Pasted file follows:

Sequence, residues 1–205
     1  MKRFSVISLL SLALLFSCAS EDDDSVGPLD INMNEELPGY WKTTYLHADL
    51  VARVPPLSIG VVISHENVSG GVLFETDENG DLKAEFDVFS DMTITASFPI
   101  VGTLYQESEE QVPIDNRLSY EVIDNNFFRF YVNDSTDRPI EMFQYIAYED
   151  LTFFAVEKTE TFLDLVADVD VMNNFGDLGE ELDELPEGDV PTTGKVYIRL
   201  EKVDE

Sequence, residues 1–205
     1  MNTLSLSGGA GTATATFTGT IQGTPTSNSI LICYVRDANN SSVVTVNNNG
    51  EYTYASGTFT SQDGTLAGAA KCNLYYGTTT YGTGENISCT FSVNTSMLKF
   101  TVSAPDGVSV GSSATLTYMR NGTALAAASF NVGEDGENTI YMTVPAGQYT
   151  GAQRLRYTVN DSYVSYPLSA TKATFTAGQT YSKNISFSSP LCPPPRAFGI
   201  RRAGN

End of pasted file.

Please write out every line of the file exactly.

Sequence, residues 1–205
     1  MKRFSVISLL SLALLFSCAS EDDDSVGPLD INMNEELPGY WKTTYLHADL
    51  VARVPPLSIG VVISHENVSG GVLFETDENG DLKAEFDVFS DMTITASFPI
   101  VGTLYQESEE QVPIDNRLSY EVIDNNFFRF YVNDSTDRPI EMFQYIAYED
   151  LTFFAVEKTE TFLDLVADVD VMNNFGDLGE ELDELPEGDV PTTGKVYIRL
   201  EKVDE

Sequence, residues 1–205
     1  MNTLSLSGGA GTATATFTGT IQGTPTSNSI LICYVRDANN SSVVTVNNNG
    51  EYTYASGTFT SQDGTLAGAA KCNLYYGTTT YGTGENISCT FSVNTSMLKF
   101  TVSAPDGVSV GSSATLTYMR NGTALAAASF NVGEDGENTI YMTVPAGQYT
   151  GAQRLRYTVN DSYVSYPLSA TKATFTAGQT YSKNISFSSP LCPPPRAFGI
   201  RRAGN